Antibody Microarray Expression Profiling Of Maize Roots Treated With Cadmium And Nickel

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DOI: 10.1515/agri-2015-0009 VLADIMÍR REPKA1, RODERIK FIALA1, MILADA CIAMPOROVÁ1, MICHAL MARTINKA1,2, JÁN PAVLOVKIN1* Institute of Botany, Slovak Academy of Sciences, Bratislava 2 Comenius University in Bratislava REPKA, V. FIALA, R. CIAMPOROVÁ, M. MARTINKA, M. PAVLOVKIN, J.: Antibody microarray expression profiling of maize roots treated with cadmium and nickel. Agriculture (Ponohospodárstvo), vol. 61, 2015, no. 2, pp. 41­49. Here, we report the effectiveness of antibody microarray expression profiling (AbMEP) procedure to determine similarities and differences between two maize cultivars (Premia and Blitz) exposed to various concentration of cadmium (Cd), nickel (Ni), as well as simultaneous exposure to both metals (Cd + Ni) for 0, 12 and 24 h. After protein extraction from control (untreated) and heavy metals (HM)-treated root pairs and their fluorescent labelling, the protein extracts were used for the AbMEP procedure and western blot analysis. The results from the microarray were analysed using an internally normalised ratio. Using this highly parallel AbMEP-approach, the tim- ing, dynamics and regulation of the expression of 101 specific genes in untreated and HM-treated roots of maize cultivars were determined. The microarray results revealed 23, 15 and 10 up-regulated/down-regulated proteins in Cd, Ni and Cd + Ni treated cv. Premia roots, respectively. In contrast, the microarray results revealed that 15, 11 and 7 proteins were up-regulated/down-regulated in Cd, Ni and Cd + Ni treated cv. Blitz roots, respectively. The data obtained from the AbMEP array experiment were validated by western blot analyses with more than 89% (the Pearson's correlation coeficient Rr = 0.78) correlation between the two methods. Key words: maize roots, heavy metals, proteomics, profiling, microarray HM constitute a heterogeneous group of essential and non-essential elements, and HM stress is a key limiting factor that impairs the growth and yield of agriculture (Giordano et al. 1975; Shukla et al. 2003). Maize (Zea mays L.) is one of the most important crops for animal, human nutrition and agro-industrial purposes worldwide. The plants are commonly grown on soils with high contents of HM such as Cd and Ni (Carbonell et al. 2011). Neither Cd nor Ni is considered as essential nutrients. Cd is considered the most toxic HM (Vázquez et al. 1992; di Toppi et al. 1999). Among several mechanisms of inducing toxicity, Cd has been shown to interfere with uptake, transport, and utilisation of essential nutrients and water, to decrease photosynthesis, change enzyme activities, causing various symptoms such as chlorosis, wilting, and root browning in (Tran & Popova 2013). Cd is well known to induce oxidative stress in plants (Benavides et al. 2005) because it is involved in several types of mechanisms generating reactive oxygen species (ROS) (Gill & Tuteja 2010). Some of them may function as important signalling molecules that alter gene expression and modulate the activity of specific defense proteins (Dixit et al. 2011). ROS can oxidise proteins and nucleic acids, often leading to al- RNDr. Vladimír Repka, CSc., Mgr. Roderik Fiala, PhD., RNDr. Milada Ciamporová, CSc., Mgr. Michal Martinka, PhD., RNDr. Ján Pavlovkin, CSc. (*Corresponding author), Institute of Botany, Slovak Academy of Sciences, Dúbravská cesta 9, SK-84523, Bratislava, Slovak Republic. E-mail: jan.pavlovkin@savba.sk; janpav@azet.sk Mgr. Michal Martinka, PhD., Department of Plant Physiology, Faculty of Natural Sciences, Comenius University in Bratislava, Mlynská dolina B-2, SK-84215 Bratislava, Slovak Republic terations in cell structure, DNA and membrane damage, and mutagenesis (Hall 2002; Sharma & Dietz 2009). On the contrary, the essentiality of Ni has not been established for higher plants, but many beneficial effects of Ni on plant growth have been reported. For instance, seed germination of several species was stimulated by treatment with Ni salts (Das et al. 1978). Ni is an essential component of the enzyme urease but the function of this enzyme is not clear (Dixon et al. 1975). Possibly, urease and, therefore, Ni might be required for the mobilisation of stored seed nitrogen through ureides or arginine during early stages of seedling growth (Welch 1981). On the other hand, Ni is not as important for plant metabolism as the metals like zinc and copper. However, similar to other HM, high Ni concentrations may turn toxic to plants (Seregin & Kozhevnikova 2006). The biological effects of individual metals are more or less known, but even though combinations HM are common in nature, their simultaneous effects still need to be thoroughly investigated (Wilde et al. 2006). It is well known that metals in mixtures may act independently or interact to produce additive, synergistic, or antagonistic effects (Wilde et al. 2006). Our previous studies of Cd and Ni uptake, antioxidant status, membrane potentials and cell survival (Artiushenko et al. 2014; Fiala et al. 2014; Fiala et al. 2015) in two maize cultivars, Premia and Blitz have revealed mostly synergistic interaction between these two metals, and also a better metal tolerance in the cultivar Premia. However, little information is available in the field of plant proteomics related to Cd and Ni toxicity (Kieffer et al. 2008; Villiers et al. 2011). The current focus on molecular fingerprints is the global pattern analysis of gene expression. Proteomics, the systematic analysis of the protein population on a subcellular, cellular, or tissue level, has most frequently been associated with two-dimensional (2D) electrophoresis and mass spectrometry (Van Wijk 2001). This type of proteome profiling approach has effectively been adopted in plants to study a plethora of physiological (Gallardo et al. 2001) and biological questions including stress responses (Castro et al. 2005; Larrainzar et al. 2007; Desclos et al. 2008), as well as the proteomic eval42 uation of genetically modified crops (Gong & Wang 2013). Since for many practical reasons, the 2D electrophoresis is not very effective for rapid and large-scale profiling, more powerful global proteome analysis tools are now available, including high-throughput protein microarrays. Antibody-based microarray expression profiling represents a powerful technology in the field of proteomics, in which protein abundance and/or alterations are measured (Haab et al. 2001). To date, protein microarray expression profiling has been strictly used in addressing specific problems in animal pathogenesis, cancer diagnosis and so on. However, no information has been reported for a commercial crop. There are two main goals of the present report. First, we have optimised the method for printing protein microarrays with an alternative signal detection (fluorescence vs. chemiluminiscence). Further, we have explored the use of these protein microarrays for the highly parallel quantitation and function determination of specific proteins in response to Cd and Ni exposure/toxicity of two maize cultivars, Premia and Blitz, differing in their susceptibility to these two metals. MATERIAL AND METHODS Plant material and treatments Two Ukrainian maize hybrids, Premia FAO 190 and Blitz FAO 160 (hereinafter referred as Premia and Blitz) differing in environmental stress tolerance, yield and productivity (http:// maize.com.ua/catalog) were used. The seeds were soaked in tap water for 1 h, surface steril ised with 5% NaClO for 10 min, washed under running water for 10 min and germinated in moist filter paper rolls in a growth chamber at 25±1 oC (RH relative humidity 60%) with a 17 h light period (30 mol/m 2/s) for 48 h. The seedlings with the primary root lenghts of 2 cm were exposed to the solutions containing 0 (control), 10 or 100 M concentrations of CdCl 2, NiCl 2, CdCl 2 + NiCl 2 with pH adjusted to 5.7, for 0, 12 or 24 h. The selection of metal concentrations and time points was based on our earlier studies (Artiushenko et al. 2014; Fiala et al. 2014; Fiala et al. 2015). After the treatment, the control and treated roots were immediately processed for protein extraction and the protein extracts were stored frozen at 75 oC. Western blotting Protein extraction and immunoblot analyses of root proteins were performed as described previously (Repka et al. 2000) with the exception that the plant protease inhibitor cocktail (Cat. P9599; Sigma, Deisenhofen, Germany) was incorporated into the extraction and lysis buffer to inhibit endogenous proteases. Total root protein (100 g) was electrophoresed on a 12.5% SDS-polyacrylamide gel. After transfer of the protein to nitrocellulose membrane (Westran BA-85; Schleicher & Schüll, Dassel, Germany), immunoblotting was performed by using the specific antisera raised in rabbits (Repka et al. 2000). Horseradish-conjugated anti-rabbit IgG (Kirkegaard & Perry, Gaithersbug, USA) was used as the secondary antibody. The immunospecific signal was developed with the chemiluminescent substrate from the SuperSignal West Pico kit (Pierce, Rockford, USA) and visualised using the ECL-Hyperfilm (Amersham, Buckinghamshire, UK). Antibody panel arrangement Antibodies were obtained through an immunisation protocol performed in our laboratory (Repka 2006), supplemented by purchases and contributions from colleagues. Sample labelling and antibody microarray fabrication A high-throughput screening and proteome expression profiling of extracts prepared from control or HM-treated roots were performed on avidin-coated XNA on GoldTM microslides (Interactiva Biotech, Ulm, Germany) following our protocols published previously (Repka 2006). Protein labelling and microarray analysis were performed on the two biological replicate samples (representing independent experiments) using two duplicate microarray slides. T a b l e 1 Categories of specific antibodies used for highly parallel detection and quantitation Category Apoptosis BAX, CAS-3, CAS-8, CAS-9, DAD1, PARP-N, PARP-A, ANX V, CYTc, DNA-DRP, p53, APAF-1, MMP-2, MMP-9, SURV Defense/resistance PR-1a, PR-2a, PR-2b, PR-5, PR-8a, PR-8b, PR-9a, PR-9b, GST, NOS Kinases/phosphatases ERK1/2, P38, SAPK/JNK, PpPP1, CDK1, STLK, SRC, PKC, KIP1, FRAP, WEE1 Stress (biotic/abiotic) CAT, SOD(Mn), APX, P450, LOX, METN, LEA, GTR, GPX, TRX Molecular chaperones and related proteins CPN50, HSP-70, HSC-70, HO-1, CAM, CRT, 14-3-3 GF, Hv14-3-3A, Hv14-3-3B, Hv14-3-3C, HSC70, BiP, UBI, CPN10, DNA J, PRAS, SRP-54, CTCP-1, HIP Transcription factors and other regulatory proteins UGGT, HSF1, HH 1, DNA TII, HMG1/HMG2, KDEL, PDI Structural network proteins NCL, TUB, ACT, HPRG, GRP, DYNM 1, CLTR Secondary metabolism PAL, CHS, CHI, 4CL, CAD, STS, FOM, CAMT Photosynthesis/carbon metabolism RBC S, RBC L, CAB, PHY, AMY Unclassified proteins LPT, GAPDH, AOS, AOC, GLS II, MAN, ACS, ACO, GOX No. of antibodies 15 10 11 10 19 7 7 8 5 9 Data analysis and bioinformatics The software programme GenePix Pro v. 3.0 provided by Axon Instruments (Union City, USA) was used to quantify the image data. The local background in each colour channel was substracted from the signal at each antibody spot, and spots that had obvious defects, no detectable signal by GenePix Pro, or a net fluorescence less than 150 in either colour channel were removed from the analysis. The ratio of net signal from the sample-specific channel to reference-specific channel was calculated for each antibody spot, and ratios from replicate antibody measurements in the same array were averaged. The resulting ratios were multiplied by a normalisation factor for each array following the protocol described by Miller et al. (2006). Hierarchical clustering and visualisation were performed using Cluster and TreeView software (Eisen et al. 1998). Ratios were log transformed (base 2) and median centred (by proteins), and antibodies that did not have sufficient measurements in at least 80% of the samples were removed from subsequent analysis. The permutation t-test (Hedenfalk et al. 2001) was calculated using the programme cluster identification tool (CIT) (Takahashi et al. 2001). RESULTS A set of 101 antibody/antigen pairs were divided into 10 functional families (Table 1) and assembled onto an avidin-coated antibody microarrays. These were incubated with total cell-free extracts prepared from water (control) or respective HM-treated roots. To determine whether HM regulate differential expression of only particular classes of proteins, a Figure 1. AbMEP of responses of maize cultivars to treatment with respective HMs. Two-way clustered display of data (exceeding a 0.7 correlation treshold) as a response to treatment of roots with Cd, Ni or Cd + Ni compared to water-treated control. The colour saturation reflects the magnitude of the log 10 expression ratio (Cy5/Cy3) for each antibody/antigen pair. HMs heavy metals; AbMEP antibody microarray expression profiling coupled two-way clustering approach to protein microarray data analysis was performed using a specific software CLUSTER (Figure 1). Various patterns of HM-stimulated protein expression were obtained, including early-, mid- and late-protein accumulation alongside the early repression of gene expression. As shown by cluster analysis (Figure 1), the exposure of maize roots to 100 M Cd, 100 M Ni, or 100 M Cd + Ni induced accumulation/repression of some apoptosis-related/anti-apoptotic proteins, for example, defender against apoptotic cell death (dolichyl-diphosphooligosaccharide-protein glycosyltransferase subunit [DAD1]). Depending on both, type of HM and maize cultivar, other proteins showed to be HM-induced including those that encode defence (pathogenesis-related protein class 2 [PR-2]), reactive oxygen species scavenging (catalase [CAT], glutathione S-transferase [GST]) and secondary metabolism (hydroxyproline-rich glycoprotein [HPRG]) functions. In addition, a number of potential regulators were identified by the inspection of these protein microarrays, including putative transcription factors, post-translational modifiers, and coactivators of protein­protein interactions such as 14-3-3 proteins. A cluster of major interest consists of a group of proteins sharing a protein kinase (Erk1/2) or protein phosphatase activities. In this case, antibody microarray profiling extends our previous observations (Repka 2006) regarding the identification of some elicitor-stimulated mitogen-activated protein kinases (MAPKs). All of these patterns of expression indicate that specific subsets of proteins have different regulatory responses to HM stimulation. Overall, of the 48 proteins that exhibited HM regulation in cv. Premia, 23 retained twofold or more up-regulation/down-regulation by Cd, and 15 or 10 retained twofold or more up-regulation/down-regulation by Ni or Cd+Ni, respectively (Figure 2). In contrast, only 33 proteins exhibited HM regulation in cv. Blitz. In this cultivar, 15, 11 and 7 proteins retained twofold or more up-regulation/down-regulation by Cd, Ni, Cd+Ni, respectively (Figure 2). To validate and extend the microarray data, the expression profiles of eight functionally representative proteins were monitored by western blot analyses (Figure 3). The western blot analysis confirmed that, beside actin (considered as a constitutively expressed protein), expression of all respective proteins was up-regulated/down-regulated by HM and this response was strictly dependent on both cultivar and HM concentration. For example, in comparison with cv. Premia, the expression of the major anti-apoptotic protein (DAD1) and CAT in cv. Blitz were down-regulated by HM. In contrast, PR-2 pro- Figure 2. Interloping diagram of the numbers of responsive proteins that show twofold or more up-regulation/ down-regulation by HMs in maize cultivars. The numbers in overlapping area indicate the shared number of proteins in respective HMs treatments. HMs heavy metals as being HM responsive in the studied maize cultivars do not have an obvious direct function in HM stress. However, their putative roles in other abiotic/ biotic stresses might be linked to stress cross-tolerance phenomena. We found that several apoptosis-related/anti-apoptotic proteins were differentially expressed in roots of the maize cultivars. Especially, DAD1 had initially been identified as a negative regulator of programmed cell death in the temperature sensitive tsBN7 cell line (Nakashima et al. 1993). The DAD1 protein disappeared in temperature-sensitive cells following a shift to the nonpermissive temperature, suggesting that loss of the DAD1 protein triggered apoptosis. Thus, the HM-induced down-regulated expression of the DAD1 in cv. Blitz may lead to the observed increased sensitivity to other HM stresses. A pathogenesis-related protein (PR-2, -1,3-glucanase) was strongly induced by the studied HM in cv. Blitz. The PR-2 protein family plays an important role in plant defense responses and plant immunity against pathogens (Spoel & Dong 2012). Although their synthesis can be induced not only by pathogens, but also by other kind of stresses (Bol et al. 1993), the marked accumulation of PR-2 induced after exposure of the roots of cv. Blitz to HM and its putative function in HM stress response remain obscure. Fecht-Christoffers et al. (2003) working with manganese-treated cowpea plants found that several other proteins show homologies to pathogenesis-related proteins, for example, glucanase, chitinase, and thaumatin-like proteins. Because pathogenesis-related-like proteins are known to be induced by various abiotic and biotic stresses, a specific physiological role of these proteins in response to HM excess remains to be established. The enzymes CAT and GST were differentially expressed in the studied maize cultivars. Thus, both proteins, directly involved in ROS detoxification machinery, may well have a pivotal role in the differential response of maize cultivars to HM stress. These microarray observations are in good correlation with our recent results, demostrating attenuated ROS detoxification capacity in Cd-treated roots of maize (Fiala et al. 2015). The microarray analysis and corresponding western blotting have identified a number of proteins that are of potential importance to regulate and/or Figure 3. Western blot confirmation of microarray data of the eight candidate proteins under different HM regimes in studied maize cultivars. Immunoblot analysis was performed with specific antibodies for proteins indicated. Constitutively expressed actin protein was used as a loading control. Column denoted as C represents expression profiles from control (untreated) plants. Three independent experiments yielding similar results were carried out. HM heavy metal tein was substantially down-regulated by HM in cv. Premia whereas it was up-regulated in cv. Blitz. Other proteins, that is, Erk1/2, GST, 14-3-3A and HPRG were differentially expressed in both cultivars and especially in Blitz, the expression exhibited more strict HM concentration dependence. DISCUSSION Based on electrophysiological and biochemical methods, our previous results with the same maize cultivars showed that genetic variability in the extent of the protective responses can exist within plant species (Artiushenko et al. 2014; Fiala et al. 2014; Fiala et al. 2015). We have now confirmed these results using more sophisticated approaches such as AbMEP. To obtain a global picture of changes in gene expression during HM stress, the roots of maize cultivars, that substantially differ in HM tolerance, were exposed to various concentrations of Cd, Ni, as well as to simultaneous treatment of both metals (Cd+Ni) for 0, 12 and 24 h. Many of the 81 proteins identified fine-tune HM stress response. The 14-3-3 proteins represent a family of evolutionary conservative regulatory proteins with multiple functions (Aitken 2006). This group of proteins regulate many cellular processes by binding to phosphorylated target proteins and fine-tune plant response to phosphate (Pi) deficiency (Li et al. 2014) as well as to environmental stress (Denison et al. 2011). From this point of view, it is possible that the observed differential expression of 14-3-3 proteins may reflect the reported cultivar and concentration-dependent sensitivity to the studied Cd and Ni stresses. We have demonstrated that exogenous HM diferentially, and in concentration-dependent manner, regulated Erk1/2 MAP kinases. Distinct MAPK pathways were activated with Cd in alfalfa (Jonak et al. 2004), rice (Yeh et al. 2007), Arabidopsis (Liu et al. 2010) and tobacco (Kulik et al. 2012). These results collectively suggest that excess of HM may induce different signalling pathways in plant cells. Our observations that different proteome profiles are expressed in response to HM stress may encourage new crop strategies to improve plant tolerance to HM and subsequent effective phytoremediation. Moreover, these findings provide an initial framework for future investigations of the role of the stress-induced proteins in the HM response pathways. supported by Slovak Grant Agency VEGA, grant 02/0023/13.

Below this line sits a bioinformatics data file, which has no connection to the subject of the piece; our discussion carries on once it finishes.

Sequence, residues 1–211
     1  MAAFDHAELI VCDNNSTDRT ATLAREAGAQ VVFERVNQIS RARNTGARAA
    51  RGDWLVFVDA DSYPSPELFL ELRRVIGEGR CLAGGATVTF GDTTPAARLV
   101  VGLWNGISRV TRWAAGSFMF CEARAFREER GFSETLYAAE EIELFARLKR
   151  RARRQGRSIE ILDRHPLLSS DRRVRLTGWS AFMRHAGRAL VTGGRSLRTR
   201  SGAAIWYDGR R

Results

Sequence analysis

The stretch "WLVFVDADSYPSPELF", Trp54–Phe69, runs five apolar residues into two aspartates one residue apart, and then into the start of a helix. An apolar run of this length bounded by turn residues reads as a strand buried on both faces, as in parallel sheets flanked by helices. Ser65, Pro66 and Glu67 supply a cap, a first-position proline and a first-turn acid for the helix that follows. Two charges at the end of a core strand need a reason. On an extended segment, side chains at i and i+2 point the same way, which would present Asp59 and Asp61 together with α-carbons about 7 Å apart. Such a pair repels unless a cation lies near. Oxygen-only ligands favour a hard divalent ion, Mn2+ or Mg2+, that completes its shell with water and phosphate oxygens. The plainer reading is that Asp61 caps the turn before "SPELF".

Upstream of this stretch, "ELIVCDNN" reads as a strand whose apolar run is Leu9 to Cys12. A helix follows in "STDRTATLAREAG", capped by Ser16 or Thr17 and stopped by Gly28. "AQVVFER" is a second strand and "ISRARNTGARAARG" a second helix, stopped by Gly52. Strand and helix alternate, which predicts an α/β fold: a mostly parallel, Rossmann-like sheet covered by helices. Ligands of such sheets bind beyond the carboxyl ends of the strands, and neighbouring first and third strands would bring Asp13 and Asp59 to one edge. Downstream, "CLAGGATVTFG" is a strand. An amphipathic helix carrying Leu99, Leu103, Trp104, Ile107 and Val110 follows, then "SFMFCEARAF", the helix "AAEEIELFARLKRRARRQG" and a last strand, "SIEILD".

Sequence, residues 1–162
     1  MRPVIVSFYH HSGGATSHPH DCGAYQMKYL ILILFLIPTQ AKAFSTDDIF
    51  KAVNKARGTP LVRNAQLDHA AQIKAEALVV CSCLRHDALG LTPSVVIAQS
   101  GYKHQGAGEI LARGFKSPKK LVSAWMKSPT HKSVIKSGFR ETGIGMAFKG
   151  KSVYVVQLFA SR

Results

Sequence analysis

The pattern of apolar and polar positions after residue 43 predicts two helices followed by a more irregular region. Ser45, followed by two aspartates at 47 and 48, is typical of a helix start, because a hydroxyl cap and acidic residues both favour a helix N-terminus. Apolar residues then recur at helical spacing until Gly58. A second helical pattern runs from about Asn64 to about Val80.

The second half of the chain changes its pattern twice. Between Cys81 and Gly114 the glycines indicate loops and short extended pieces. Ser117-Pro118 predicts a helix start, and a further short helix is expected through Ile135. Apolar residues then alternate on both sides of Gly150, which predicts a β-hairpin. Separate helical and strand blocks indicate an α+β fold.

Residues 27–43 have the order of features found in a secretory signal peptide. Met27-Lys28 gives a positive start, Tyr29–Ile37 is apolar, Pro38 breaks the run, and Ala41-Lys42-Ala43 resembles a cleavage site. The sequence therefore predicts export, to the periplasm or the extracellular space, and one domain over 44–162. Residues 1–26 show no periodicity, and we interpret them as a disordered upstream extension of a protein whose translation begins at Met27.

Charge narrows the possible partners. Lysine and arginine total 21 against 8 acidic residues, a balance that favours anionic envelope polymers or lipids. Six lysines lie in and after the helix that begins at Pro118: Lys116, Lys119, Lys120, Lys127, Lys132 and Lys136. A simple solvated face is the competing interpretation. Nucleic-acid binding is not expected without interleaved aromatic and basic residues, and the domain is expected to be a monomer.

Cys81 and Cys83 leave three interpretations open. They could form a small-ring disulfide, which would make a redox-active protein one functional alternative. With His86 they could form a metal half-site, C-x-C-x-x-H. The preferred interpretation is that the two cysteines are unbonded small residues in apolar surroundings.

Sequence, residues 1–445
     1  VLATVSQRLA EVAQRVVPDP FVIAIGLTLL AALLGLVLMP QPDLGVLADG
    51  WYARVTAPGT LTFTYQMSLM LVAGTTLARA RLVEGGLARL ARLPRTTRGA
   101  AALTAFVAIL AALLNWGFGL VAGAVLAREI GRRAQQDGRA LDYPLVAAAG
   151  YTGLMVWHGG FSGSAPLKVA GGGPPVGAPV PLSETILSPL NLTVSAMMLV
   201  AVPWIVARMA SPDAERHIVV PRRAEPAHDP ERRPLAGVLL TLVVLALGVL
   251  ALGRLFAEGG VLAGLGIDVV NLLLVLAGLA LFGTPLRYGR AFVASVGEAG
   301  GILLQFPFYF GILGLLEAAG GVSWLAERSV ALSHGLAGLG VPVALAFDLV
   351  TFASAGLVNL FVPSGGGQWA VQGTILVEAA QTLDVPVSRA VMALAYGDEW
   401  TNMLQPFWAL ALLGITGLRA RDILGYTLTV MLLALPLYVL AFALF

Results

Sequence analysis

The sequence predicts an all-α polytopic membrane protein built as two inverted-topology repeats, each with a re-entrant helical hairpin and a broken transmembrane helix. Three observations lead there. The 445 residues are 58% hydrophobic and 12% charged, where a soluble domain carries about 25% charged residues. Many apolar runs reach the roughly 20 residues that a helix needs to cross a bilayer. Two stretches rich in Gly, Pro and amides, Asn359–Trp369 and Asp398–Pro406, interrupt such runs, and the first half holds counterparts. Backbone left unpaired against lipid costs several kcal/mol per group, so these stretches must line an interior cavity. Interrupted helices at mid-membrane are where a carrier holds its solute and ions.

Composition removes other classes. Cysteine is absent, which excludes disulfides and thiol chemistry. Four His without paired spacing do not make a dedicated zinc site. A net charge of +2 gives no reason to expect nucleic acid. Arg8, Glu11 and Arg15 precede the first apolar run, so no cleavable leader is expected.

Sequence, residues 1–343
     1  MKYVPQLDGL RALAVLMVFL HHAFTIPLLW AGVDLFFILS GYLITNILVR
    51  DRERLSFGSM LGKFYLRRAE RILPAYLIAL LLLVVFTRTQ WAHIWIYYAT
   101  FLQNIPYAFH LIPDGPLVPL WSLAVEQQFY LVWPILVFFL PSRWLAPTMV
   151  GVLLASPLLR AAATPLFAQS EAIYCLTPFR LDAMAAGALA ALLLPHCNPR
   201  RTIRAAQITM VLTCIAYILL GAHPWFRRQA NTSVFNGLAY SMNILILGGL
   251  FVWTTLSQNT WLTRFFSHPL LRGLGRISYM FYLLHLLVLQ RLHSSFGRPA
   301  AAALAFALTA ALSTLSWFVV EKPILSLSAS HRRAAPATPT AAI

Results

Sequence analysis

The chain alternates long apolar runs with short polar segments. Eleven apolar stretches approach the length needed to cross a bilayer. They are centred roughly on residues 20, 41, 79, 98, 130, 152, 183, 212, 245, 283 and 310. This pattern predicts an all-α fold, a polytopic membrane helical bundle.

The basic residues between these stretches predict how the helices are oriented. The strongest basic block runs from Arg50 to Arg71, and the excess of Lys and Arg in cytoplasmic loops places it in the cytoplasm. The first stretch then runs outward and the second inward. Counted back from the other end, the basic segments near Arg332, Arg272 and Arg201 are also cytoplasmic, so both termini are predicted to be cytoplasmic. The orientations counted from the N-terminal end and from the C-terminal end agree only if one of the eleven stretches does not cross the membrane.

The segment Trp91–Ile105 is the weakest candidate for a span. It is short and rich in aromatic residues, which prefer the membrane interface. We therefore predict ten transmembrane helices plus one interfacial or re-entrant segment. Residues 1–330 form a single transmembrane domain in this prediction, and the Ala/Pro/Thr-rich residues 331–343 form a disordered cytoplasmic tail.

Journal

Agriculturede Gruyter

Published: Jun 1, 2015

References